John Cook Bennett: most Mormons probably know him from LDS Church Almanacs as “assistant president of the LDS Church” for a year or so during the Nauvoo era. Those who know a bit more about church history know him as a proclaimed “Judas,” or “Lucifer,” who slithered into Nauvoo, deceived the Prophet Joseph Smith, seduced several women, married and single, was cast out, then made considerably more than 30 pieces of silver vilely blasting Smith at lectures and in a best-selling book.
Bennett was so anathema to LDS Church leaders that in response to his death in 1867, an LDS Church publication released a scathing, false obituary which read, in part, “… He dragged out a miserable existence, without a person scarcely to take the least interest in his fate, and died a few months ago without a person to mourn his departure. …”
In reality, Bennett died in Polk City, Iowa, a fairly well off and respected man. He had recently served as surgeon in the Third U.S. Infantry during the Civil War. Yet, the Mormons’ loathing of Bennett was not without cause. Despite Bennett’s many talents and skills, he was often a scoundrel during his life. He was a serial adulterer and grifter at times, selling “diplomas” from a medicine school diploma mill. He may have even been a sociopath, albeit one who could remain fairly prosperous even after alienating many.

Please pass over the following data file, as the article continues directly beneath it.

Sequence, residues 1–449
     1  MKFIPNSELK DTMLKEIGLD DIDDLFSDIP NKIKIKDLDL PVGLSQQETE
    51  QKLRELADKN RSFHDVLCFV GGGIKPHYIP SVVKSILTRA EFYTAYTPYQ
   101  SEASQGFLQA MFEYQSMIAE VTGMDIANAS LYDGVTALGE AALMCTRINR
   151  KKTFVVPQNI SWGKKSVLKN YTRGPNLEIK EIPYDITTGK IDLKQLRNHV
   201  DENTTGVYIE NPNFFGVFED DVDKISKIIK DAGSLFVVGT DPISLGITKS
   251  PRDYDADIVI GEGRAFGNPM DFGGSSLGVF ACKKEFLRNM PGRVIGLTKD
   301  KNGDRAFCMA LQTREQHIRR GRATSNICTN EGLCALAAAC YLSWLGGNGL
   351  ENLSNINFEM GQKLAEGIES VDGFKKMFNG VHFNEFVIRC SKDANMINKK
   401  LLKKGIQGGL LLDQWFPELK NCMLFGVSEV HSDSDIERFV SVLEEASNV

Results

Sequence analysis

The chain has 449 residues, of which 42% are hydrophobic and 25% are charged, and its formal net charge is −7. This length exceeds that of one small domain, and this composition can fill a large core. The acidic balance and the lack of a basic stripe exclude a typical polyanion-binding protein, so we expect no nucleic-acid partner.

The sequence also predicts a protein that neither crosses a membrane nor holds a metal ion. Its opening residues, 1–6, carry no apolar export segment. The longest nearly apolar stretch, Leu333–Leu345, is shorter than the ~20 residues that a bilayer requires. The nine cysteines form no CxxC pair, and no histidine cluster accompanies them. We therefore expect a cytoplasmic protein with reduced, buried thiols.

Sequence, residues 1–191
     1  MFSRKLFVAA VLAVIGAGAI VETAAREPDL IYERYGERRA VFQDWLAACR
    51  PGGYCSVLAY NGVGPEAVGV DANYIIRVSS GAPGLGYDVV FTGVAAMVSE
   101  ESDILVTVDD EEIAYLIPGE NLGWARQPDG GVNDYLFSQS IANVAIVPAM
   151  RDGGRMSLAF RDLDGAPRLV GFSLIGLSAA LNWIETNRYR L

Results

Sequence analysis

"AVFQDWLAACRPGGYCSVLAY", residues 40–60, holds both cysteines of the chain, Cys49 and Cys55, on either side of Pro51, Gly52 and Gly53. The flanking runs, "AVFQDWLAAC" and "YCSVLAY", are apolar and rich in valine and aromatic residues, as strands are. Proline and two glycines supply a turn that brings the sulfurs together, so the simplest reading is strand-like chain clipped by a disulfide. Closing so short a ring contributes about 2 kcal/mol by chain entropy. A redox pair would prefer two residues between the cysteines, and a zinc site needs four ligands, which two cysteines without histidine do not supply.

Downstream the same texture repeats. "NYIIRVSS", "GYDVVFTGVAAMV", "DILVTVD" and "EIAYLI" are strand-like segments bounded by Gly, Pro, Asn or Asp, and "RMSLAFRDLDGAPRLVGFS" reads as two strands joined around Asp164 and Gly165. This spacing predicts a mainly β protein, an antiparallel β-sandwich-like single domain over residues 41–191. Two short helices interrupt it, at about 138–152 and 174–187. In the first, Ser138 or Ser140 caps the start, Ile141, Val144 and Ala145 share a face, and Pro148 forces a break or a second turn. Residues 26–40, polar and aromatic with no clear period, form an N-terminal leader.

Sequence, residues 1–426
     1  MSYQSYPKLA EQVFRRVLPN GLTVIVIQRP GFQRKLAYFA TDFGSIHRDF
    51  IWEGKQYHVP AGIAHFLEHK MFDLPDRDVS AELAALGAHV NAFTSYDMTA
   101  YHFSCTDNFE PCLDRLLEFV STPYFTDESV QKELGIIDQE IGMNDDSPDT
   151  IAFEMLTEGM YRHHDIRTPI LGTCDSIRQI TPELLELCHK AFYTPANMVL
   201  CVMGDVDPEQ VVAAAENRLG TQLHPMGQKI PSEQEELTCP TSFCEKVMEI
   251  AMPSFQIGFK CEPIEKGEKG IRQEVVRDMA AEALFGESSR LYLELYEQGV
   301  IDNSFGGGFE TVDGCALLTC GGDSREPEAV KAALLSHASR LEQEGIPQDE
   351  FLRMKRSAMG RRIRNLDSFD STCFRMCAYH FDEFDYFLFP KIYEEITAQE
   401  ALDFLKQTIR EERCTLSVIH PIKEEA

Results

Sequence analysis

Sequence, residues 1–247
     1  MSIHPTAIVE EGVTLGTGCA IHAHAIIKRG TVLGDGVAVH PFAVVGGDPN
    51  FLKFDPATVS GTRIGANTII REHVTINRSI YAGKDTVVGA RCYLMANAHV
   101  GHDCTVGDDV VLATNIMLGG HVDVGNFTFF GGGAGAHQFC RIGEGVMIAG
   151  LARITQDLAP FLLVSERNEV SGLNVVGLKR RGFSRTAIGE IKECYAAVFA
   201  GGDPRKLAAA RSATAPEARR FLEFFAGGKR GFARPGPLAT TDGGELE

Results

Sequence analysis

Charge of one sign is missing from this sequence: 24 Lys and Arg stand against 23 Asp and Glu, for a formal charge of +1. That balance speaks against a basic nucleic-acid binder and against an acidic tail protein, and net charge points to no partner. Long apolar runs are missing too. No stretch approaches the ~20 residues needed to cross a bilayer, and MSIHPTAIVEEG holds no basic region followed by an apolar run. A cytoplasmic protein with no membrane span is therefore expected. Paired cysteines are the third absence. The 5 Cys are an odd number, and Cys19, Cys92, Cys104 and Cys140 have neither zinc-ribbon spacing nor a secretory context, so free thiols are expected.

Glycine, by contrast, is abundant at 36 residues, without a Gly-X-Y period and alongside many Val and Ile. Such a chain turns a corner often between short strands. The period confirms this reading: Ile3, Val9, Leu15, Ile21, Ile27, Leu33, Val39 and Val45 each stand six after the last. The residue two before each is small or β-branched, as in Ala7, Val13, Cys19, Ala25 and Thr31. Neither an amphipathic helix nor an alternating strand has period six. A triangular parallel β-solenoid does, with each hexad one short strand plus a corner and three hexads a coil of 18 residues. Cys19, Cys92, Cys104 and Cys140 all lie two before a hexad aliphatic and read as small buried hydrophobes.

I was surprised to discover a biography of Bennett’s life, “The SaintlyScoundrel: The Life and Times of Dr. John C. Bennett,” by Andrew F. Smith, published in 1997 by University of Illinois Press. It’s an interesting read. Bennett, born in 1804, grew up in southeastern Ohio and became a doctor in the early 1820s, learning medicine from his uncle, a prominent doctor and scientist. After marrying, Bennett practiced in several different areas and also was a lay preacher, favoring the reformist Campbellite doctrines. In fact, he had already met many prominent Mormons long before moving to Nauvoo.
Bennett enjoyed teaching and lecturing in medicine, and he tried setting up colleges and medical schools in several frontier states. This is also where much of his grifting began. At one college, Christian College, Bennett was hounded out by peers for blatantly selling diplomas. In fact, as author Smith surmises, Bennett may have been the first man to ever set up a diploma mill.
In the early 1830s, Bennett gained some prominence by touting the supposed health benefits of tomatoes, a fruit that many Americans didn’t eat at that time. Although Bennett’s and others’ claims about the healing powers of tomatoes were wildly overstated, for scores of years tomato pills, etc., were popular. Bennett also was an early advocate of Chloroform as a sedative for operations, although ether would prove to be a better alternative. During the 1830s, Bennett’s marriage collapsed due to his infidelity and allegations of spousal abuse.